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Mol Plant. 2016 May 2;9(5):639-649. doi: 10.1016/j.molp.2016.03.001. Epub 2016 Mar 15.

Natural Variation in Tomato Reveals Differences in the Recognition of AvrPto and AvrPtoB Effectors from Pseudomonas syringae.

Author information

1
Boyce Thompson Institute for Plant Research, Ithaca, NY 14853, USA; Plant Pathology and Plant-Microbe Biology Section, School of Integrative Plant Science, Cornell University, Ithaca, NY 14853, USA.
2
Boyce Thompson Institute for Plant Research, Ithaca, NY 14853, USA.
3
Boyce Thompson Institute for Plant Research, Ithaca, NY 14853, USA; Plant Pathology and Plant-Microbe Biology Section, School of Integrative Plant Science, Cornell University, Ithaca, NY 14853, USA. Electronic address: gbm7@cornell.edu.

Abstract

The Pto protein kinase from Solanum pimpinellifolium interacts with Pseudomonas syringae effectors AvrPto or AvrPtoB to activate effector-triggered immunity. The previously solved crystal structures of the AvrPto-Pto and AvrPtoB-Pto complexes revealed that Pto binds each effector through both a shared and a unique interface. Here we use natural variation in wild species of tomato to further investigate Pto recognition of these two effectors. One species, Solanum chmielewskii, was found to have many accessions that recognize only AvrPtoB. The Pto ortholog from one of these accessions was responsible for recognition of AvrPtoB and it differed from Solanum pimpinellifolium Pto by only 14 amino acids, including two in the AvrPto-specific interface, glutamate-49/glycine-51. Converting these two residues to those in Pto (histidine-49/valine-51) did not restore recognition of AvrPto. Subsequent experiments revealed that a single substitution of a histidine-to-aspartate at position 193 in Pto, which is not near the AvrPto-specific interface, was sufficient for conferring recognition of AvrPto in plant cells. The reciprocal substitution of aspartate-to-histidine-193 in Pto abolished AvrPto recognition, confirming the importance of this residue. Our results reveal new aspects about effector recognition by Pto and demonstrate the value of using natural variation to understand the interaction between resistance proteins and pathogen effectors.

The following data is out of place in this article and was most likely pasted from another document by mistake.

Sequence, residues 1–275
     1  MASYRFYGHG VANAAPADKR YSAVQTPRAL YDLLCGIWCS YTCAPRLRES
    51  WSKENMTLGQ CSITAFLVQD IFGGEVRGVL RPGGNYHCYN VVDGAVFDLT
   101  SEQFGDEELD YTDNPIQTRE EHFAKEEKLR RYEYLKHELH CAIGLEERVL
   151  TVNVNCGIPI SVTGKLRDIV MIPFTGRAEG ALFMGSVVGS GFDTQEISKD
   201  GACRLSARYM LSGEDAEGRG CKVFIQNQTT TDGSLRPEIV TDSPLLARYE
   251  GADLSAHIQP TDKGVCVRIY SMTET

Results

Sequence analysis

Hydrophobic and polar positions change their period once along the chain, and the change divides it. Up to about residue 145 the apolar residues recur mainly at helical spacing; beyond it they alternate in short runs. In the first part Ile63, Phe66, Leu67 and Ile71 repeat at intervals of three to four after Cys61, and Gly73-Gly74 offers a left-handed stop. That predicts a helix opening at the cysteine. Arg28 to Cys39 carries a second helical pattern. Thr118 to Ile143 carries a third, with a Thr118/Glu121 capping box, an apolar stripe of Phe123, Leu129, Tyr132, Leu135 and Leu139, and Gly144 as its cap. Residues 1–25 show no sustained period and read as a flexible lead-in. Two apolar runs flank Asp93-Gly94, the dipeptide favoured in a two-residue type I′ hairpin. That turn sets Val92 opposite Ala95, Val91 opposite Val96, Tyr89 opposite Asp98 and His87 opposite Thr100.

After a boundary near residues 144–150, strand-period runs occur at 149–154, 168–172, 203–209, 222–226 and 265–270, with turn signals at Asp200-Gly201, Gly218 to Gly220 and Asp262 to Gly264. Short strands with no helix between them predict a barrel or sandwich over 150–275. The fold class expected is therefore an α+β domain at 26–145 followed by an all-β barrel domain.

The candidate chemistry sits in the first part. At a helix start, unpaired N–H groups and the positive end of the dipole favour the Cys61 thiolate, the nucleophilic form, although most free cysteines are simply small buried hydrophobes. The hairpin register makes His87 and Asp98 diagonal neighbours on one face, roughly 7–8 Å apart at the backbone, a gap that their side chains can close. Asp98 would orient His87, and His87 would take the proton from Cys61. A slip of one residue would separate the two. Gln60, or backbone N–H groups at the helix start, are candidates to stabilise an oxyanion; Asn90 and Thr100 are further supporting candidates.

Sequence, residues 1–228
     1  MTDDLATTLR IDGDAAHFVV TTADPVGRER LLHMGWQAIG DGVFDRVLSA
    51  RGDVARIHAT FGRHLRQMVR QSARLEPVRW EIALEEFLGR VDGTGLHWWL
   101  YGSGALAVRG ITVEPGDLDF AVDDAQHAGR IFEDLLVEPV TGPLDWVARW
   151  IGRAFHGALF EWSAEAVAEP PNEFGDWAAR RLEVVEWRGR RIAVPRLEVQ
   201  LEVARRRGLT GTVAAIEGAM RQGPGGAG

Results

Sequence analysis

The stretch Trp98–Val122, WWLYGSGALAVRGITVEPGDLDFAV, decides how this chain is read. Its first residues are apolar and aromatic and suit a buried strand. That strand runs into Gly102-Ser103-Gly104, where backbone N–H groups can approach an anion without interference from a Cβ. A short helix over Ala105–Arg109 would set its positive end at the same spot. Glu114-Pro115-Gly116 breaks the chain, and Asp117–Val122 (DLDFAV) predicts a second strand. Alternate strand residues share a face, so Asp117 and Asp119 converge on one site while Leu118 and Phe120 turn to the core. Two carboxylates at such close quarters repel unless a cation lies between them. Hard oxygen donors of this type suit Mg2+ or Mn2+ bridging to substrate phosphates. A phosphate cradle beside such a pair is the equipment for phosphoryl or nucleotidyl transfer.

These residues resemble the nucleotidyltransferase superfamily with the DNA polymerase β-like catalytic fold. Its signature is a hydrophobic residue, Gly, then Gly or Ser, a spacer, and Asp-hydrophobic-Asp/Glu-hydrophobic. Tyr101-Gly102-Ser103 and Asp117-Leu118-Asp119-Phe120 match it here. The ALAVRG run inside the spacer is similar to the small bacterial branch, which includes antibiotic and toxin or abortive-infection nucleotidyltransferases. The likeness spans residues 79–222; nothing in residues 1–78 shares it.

KEYWORDS:

Effector-triggered immunity; Pseudomonas syringae; Pto; natural variation; plant immunity; tomato

PMID:
26993968
DOI:
10.1016/j.molp.2016.03.001
[Indexed for MEDLINE]
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